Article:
Your data-driven claims must still be probed severely

Vagelos Education Center

Below are the slides from my talk today at Columbia University at a session, Philosophy of Science and the New Paradigm of Data-Driven Science, at an American Statistical Association Conference on Statistical Learning and Data Science/Nonparametric Statistics. Todd was brave to sneak in philosophy of science in an otherwise highly mathematical conference.

Philosophy of Science and the New Paradigm of Data-Driven Science : (Room VEC 902/903)
Organizer and Chair: Todd Kuffner (Washington U)

  1. Deborah Mayo (Virginia Tech) “Your Data-Driven Claims Must Still be Probed Severely”
  2.  Ian McKeague (Columbia) “On the Replicability of Scientific Studies”
  3.  Xiao-Li Meng (Harvard) “Conducting Highly Principled Data Science: A Statistician’s Job and Joy


Categories: slides, Statistics and Data Science | 5 Comments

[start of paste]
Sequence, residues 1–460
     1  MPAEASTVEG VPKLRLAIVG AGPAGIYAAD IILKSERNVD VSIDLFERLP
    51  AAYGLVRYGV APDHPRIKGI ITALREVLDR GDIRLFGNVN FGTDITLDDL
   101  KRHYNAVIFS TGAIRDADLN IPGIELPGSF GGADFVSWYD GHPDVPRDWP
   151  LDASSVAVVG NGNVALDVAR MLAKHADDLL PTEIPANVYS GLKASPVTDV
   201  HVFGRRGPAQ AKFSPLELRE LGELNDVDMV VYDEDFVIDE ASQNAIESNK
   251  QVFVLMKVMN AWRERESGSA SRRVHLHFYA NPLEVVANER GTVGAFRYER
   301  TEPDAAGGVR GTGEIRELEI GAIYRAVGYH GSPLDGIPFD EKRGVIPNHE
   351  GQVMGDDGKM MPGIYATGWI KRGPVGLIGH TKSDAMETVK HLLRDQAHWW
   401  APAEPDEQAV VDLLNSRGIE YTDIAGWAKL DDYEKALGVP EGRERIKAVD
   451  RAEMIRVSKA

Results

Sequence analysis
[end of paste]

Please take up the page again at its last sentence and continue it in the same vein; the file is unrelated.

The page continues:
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5 thoughts on “Your data-driven claims must still be probed severely

  1. Posting the full thread that I originally posted on Twitter (

    In data science, it is frequently the case that the metric that is being optimised in an ML model’s cost function is not what you *really* want to optimise for, because your problem is usually a function of the ML model’s metric (e.g. optimise log loss to improve accuracy).

    Therefore the best H becomes really the best *observed* H of correlated (e.g. acc is somewhat correlated with log loss) or, worse, accidental but desirable properties of the model.

    To severely probe an ML model in the context of a *specific problem*, one needs to show that a change in the model was expected to influence the problem solution in a specific way and not others.

    People also tune hyperparameters to death via so-called ‘grid search’. This is a prototypical example in my opinion of how to *not* learn from error. For me, a severe test for hyperparam tuning is to show a plausible *path* of your hyperparam search.

    PS: Important position paper on machine learning practices: “On Pace, Progress, and Empirical Rigor”

    • This conversation began with a tweet by Frank Harrell:

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